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I'm attempting to solve for $\hat{k}$ clusters, such that the rate distortion is minimized, as described here, however, the answers that I am getting from my algorithm are not following the "Jump" behavior (as is needed to appropriately choose $k$).

My current process:

Given a $N$ by $d$ matrix of asset returns:

  1. Calculate the correlation of the assets, resulting in a $d \times d$ correlation matrix.
  2. For $k \in [1, d]$ calculate the $1 \times d$ vectors of cluster labels, using the correlation matrix as the input
  3. For $k \in [1, d]$ calculate $k, 1 \times d$ vectors of cluster centroids, using the correlation matrix as the input
  4. Based on the cluster label (see code below), construct $\mathbf{A}$, a $d \times d$ matrix of cluster centroids based on the cluster label of each asset. So for instance, say $k=3$ and there are 4 assets total, and the results of the k-means cluster is:

    • asset 1 is in cluster 1
    • asset 2 is in cluster 1
    • asset 3 is in cluster 2
    • asset 4 is in cluster 3

      I would create a $4 \times 4$ matrix where $\textrm{row }1 = \textrm{centroid } 1$ (a 1, 4 row vector), $\textrm{row }2 = \textrm{centroid } 1$ $\textrm{row }3 = \textrm{centroid } 2$ (a 1, 4 row vector), $\textrm{row }4 = \textrm{centroid} 3$

  5. Then calculate the rate distortion function, $\epsilon$, for each $k$, where:

    $\epsilon_{k} \triangleq \frac{1}{p}\mathbf{A^\intercal}\mathbf{\Sigma^{-1}}\mathbf{A}$ where, $\mathbf{\Sigma} \triangleq$ The Covariance Matrix of the $N \times d$ asset returns NOTE: I'm not certain whether I take the covariance of the asset returns or the covariance of the covariance matrix (which didn't seem right to me).

  6. This leaves me with a $d \times d$ matrix that I then sum all the values, and follow the remainder of the procedure listed here. This procedure is derived from the paper, Finding the number of clusters in a data set: An information theoretic approach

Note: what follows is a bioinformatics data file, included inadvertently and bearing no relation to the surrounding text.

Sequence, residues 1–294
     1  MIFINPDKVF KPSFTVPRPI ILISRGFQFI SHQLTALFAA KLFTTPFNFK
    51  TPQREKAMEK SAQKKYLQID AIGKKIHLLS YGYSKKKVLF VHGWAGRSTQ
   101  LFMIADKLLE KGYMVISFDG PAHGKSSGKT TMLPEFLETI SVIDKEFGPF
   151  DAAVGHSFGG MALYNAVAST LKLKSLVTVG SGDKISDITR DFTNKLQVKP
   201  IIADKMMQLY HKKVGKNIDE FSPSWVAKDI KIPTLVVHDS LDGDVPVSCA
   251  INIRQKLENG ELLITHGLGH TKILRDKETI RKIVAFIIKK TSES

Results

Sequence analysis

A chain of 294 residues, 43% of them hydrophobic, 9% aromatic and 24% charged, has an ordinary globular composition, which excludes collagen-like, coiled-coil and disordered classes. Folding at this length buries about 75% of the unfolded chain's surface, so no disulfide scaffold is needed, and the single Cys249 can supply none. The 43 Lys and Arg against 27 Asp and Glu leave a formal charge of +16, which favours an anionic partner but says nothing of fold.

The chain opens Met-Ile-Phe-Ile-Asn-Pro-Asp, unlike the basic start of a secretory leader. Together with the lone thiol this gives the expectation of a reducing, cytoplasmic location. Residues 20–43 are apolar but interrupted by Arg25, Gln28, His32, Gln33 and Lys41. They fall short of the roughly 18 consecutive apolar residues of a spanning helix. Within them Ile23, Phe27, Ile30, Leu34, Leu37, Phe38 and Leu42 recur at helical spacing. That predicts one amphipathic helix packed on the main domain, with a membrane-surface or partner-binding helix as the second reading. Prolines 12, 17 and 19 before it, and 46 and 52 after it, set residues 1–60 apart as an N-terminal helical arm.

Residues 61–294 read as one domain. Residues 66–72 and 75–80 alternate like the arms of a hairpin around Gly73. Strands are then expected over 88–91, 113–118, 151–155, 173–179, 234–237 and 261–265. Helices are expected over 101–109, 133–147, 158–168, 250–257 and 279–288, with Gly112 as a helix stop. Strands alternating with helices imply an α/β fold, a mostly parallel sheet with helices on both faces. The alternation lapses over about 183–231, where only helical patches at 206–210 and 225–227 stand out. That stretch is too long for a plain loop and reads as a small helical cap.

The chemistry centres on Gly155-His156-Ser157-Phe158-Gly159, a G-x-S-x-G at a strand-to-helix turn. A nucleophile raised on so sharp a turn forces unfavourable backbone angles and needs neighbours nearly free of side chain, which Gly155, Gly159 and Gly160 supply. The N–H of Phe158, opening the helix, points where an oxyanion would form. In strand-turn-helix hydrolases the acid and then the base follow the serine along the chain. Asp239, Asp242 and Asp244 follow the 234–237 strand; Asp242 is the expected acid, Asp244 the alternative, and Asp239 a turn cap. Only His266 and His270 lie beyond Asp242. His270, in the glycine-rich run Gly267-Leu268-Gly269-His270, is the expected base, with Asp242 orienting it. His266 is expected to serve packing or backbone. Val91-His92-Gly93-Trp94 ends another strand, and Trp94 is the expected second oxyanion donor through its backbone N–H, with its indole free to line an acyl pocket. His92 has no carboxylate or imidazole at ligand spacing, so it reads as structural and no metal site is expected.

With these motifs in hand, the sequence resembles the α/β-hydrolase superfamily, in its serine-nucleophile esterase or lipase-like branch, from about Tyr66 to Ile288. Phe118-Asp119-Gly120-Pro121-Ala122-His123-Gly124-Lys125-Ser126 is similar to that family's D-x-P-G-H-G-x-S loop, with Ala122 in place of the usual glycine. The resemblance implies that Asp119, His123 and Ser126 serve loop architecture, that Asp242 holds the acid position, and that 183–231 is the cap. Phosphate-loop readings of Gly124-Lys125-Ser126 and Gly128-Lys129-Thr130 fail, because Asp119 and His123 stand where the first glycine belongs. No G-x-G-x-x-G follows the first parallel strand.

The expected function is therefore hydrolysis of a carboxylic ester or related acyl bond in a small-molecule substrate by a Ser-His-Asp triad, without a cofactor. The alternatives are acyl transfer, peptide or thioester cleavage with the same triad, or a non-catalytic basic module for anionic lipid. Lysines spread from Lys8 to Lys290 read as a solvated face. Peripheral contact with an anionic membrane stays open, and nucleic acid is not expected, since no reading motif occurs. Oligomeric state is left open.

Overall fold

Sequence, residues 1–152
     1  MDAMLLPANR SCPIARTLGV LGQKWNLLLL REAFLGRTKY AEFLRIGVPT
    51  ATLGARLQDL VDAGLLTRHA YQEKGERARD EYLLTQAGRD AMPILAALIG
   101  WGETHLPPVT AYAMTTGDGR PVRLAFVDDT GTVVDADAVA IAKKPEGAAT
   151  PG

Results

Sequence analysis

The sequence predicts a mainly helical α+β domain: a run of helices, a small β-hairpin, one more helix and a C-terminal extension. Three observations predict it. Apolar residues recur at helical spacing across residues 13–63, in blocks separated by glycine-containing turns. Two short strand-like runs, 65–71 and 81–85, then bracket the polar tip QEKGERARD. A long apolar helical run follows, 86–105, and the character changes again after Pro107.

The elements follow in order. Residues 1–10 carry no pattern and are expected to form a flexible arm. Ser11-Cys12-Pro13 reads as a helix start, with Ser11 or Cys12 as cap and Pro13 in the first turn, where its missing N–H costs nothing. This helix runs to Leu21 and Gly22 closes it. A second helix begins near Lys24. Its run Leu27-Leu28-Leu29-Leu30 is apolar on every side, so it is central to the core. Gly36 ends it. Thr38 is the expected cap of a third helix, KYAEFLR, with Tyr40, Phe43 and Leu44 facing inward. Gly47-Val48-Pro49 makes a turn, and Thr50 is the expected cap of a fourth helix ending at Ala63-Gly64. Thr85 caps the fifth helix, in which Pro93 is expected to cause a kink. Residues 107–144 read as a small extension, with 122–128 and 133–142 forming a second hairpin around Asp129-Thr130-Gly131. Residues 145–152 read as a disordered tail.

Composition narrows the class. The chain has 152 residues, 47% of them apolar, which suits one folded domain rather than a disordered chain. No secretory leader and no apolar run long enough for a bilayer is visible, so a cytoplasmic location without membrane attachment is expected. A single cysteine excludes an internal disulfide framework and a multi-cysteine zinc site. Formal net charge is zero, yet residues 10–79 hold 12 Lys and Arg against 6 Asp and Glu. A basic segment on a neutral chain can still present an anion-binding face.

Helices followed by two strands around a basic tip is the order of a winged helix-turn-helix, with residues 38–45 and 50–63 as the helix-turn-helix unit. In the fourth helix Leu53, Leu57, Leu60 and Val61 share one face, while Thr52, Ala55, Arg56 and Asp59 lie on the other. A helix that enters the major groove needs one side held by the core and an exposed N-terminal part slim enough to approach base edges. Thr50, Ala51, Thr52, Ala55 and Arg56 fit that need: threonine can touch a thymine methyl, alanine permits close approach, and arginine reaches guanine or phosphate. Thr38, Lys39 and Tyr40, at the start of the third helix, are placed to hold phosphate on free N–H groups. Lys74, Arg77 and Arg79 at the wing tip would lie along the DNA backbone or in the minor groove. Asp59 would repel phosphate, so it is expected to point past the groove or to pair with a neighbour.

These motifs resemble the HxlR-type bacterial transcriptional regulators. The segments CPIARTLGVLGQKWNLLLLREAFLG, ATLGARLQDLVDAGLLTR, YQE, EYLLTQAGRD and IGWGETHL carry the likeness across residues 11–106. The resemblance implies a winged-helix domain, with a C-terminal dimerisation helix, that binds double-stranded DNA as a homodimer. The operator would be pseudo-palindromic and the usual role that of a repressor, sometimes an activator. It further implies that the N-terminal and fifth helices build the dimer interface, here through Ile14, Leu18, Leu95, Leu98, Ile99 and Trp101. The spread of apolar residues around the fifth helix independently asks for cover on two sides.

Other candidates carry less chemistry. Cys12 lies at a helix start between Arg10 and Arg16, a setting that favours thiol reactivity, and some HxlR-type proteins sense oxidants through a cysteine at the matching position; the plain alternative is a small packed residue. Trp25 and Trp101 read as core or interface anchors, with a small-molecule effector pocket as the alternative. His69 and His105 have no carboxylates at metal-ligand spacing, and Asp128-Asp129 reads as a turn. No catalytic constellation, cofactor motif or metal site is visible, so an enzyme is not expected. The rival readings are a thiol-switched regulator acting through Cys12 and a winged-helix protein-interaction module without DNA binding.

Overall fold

My Python Code is as follows:

  import Pycluster

  def rate_distortion(X, cov_matrix, num_clusters):
      clusterid, error, nfound = Pycluster.kcluster(X, nclusters = num_clusters)
      cdata, cmask = Pycluster.clustercentroids(X, clusterid = clusterid)
      c_mat = pandas.DataFrame(numpy.empty(X.shape), columns = X.columns)
      for i, cluster in enumerate(clusterid):
        c_mat.ix[i, :] = cdata[cluster, :]

      diff_mat = numpy.subtract(X, c_mat)
      p = X.shape[1]
      Y = p/2.
      distortion = 1./p * numpy.sum(numpy.dot(numpy.dot(diff_mat.transpose(),  numpy.linalg.inv(cov_matrix)), diff_mat))
      return distortion**(-Y)

To execute a script that exactly illustrates to what I'm referring to, use data located here and the following script:

  import pandas, numpy, Pycluster

  prices = pandas.DataFrame.from_csv('asset_prices.csv')
  returns = prices.apply(numpy.log).diff()
  k = numpy.arange(1,12)
  d = []
  for i in k:
        d.append(rate_distortion(returns.corr(), returns.cov(), i)
  d = pandas.Series(d, index = k)

  In [22]: d
  1     8.845139e-33
  2     3.969062e-29
  3     9.387323e-28
  4     9.200729e-28
  5     4.675902e-18
  6     2.412458e-21
  7     3.582043e-18
  8     8.094695e-17
  9     1.424341e-16
  10    4.320064e-14
  11             inf
  dtype: float64
share|improve this question
any chance you could post your data? –  quasi May 7 '13 at 12:09
Just posted the data, as well as a small script to show you exactly what I'm seeing (as well as the output). Thanks for the suggestion @quasi –  benjaminmgross May 7 '13 at 13:53
So I'm a little confused. You're using $\Sigma$ as your underlying data, with each row a data point. So you have $d$ points in $\mathbb{R}^d$. But in your dispersion calculation, you're not using the covariance matrix of $\Sigma$, you're using $\Sigma$ itself. This seems to not be the algorithm. –  quasi May 7 '13 at 20:39
The naive application of the paper you cited seems to be: calculate $\Sigma$ as you did, then use the distortion measure to cluster the $d$-dimensional returns as a function of time. –  quasi May 7 '13 at 20:40
@quasi, thanks for the reply. A little clarification, $\mathbf{\Sigma}$ as I've defined it, is the covariance matrix as an input to the distortion calculation. The clustering algorithm is being run on the correlation matrix of asset returns. So you're saying, I should set $\mathbf{\Sigma}$ equal to the Covariance of the correlation matrix (which is the input to my clustering algorithm), instead of the covariance of asset returns (which I'm currently doing), correct? –  benjaminmgross May 7 '13 at 20:57
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